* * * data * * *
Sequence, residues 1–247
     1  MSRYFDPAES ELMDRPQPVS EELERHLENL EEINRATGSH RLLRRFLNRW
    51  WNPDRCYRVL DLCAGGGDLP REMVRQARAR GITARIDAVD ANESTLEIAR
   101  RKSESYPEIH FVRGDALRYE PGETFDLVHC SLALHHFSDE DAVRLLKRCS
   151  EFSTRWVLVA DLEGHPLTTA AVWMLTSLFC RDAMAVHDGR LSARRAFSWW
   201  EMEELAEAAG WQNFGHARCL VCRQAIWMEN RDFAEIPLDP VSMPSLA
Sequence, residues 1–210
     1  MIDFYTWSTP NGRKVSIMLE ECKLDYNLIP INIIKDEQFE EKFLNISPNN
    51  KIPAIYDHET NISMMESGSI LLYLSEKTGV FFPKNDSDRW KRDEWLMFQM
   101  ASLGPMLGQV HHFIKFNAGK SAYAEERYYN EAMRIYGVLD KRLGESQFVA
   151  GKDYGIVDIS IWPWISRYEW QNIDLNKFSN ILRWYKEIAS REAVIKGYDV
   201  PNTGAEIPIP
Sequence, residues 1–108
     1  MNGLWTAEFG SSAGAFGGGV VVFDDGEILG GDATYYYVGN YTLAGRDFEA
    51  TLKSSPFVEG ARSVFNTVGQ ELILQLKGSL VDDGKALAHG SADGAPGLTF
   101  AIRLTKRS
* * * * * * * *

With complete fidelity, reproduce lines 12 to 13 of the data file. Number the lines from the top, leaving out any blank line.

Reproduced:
   201  PNTGAEIPIP
Sequence, residues 1–108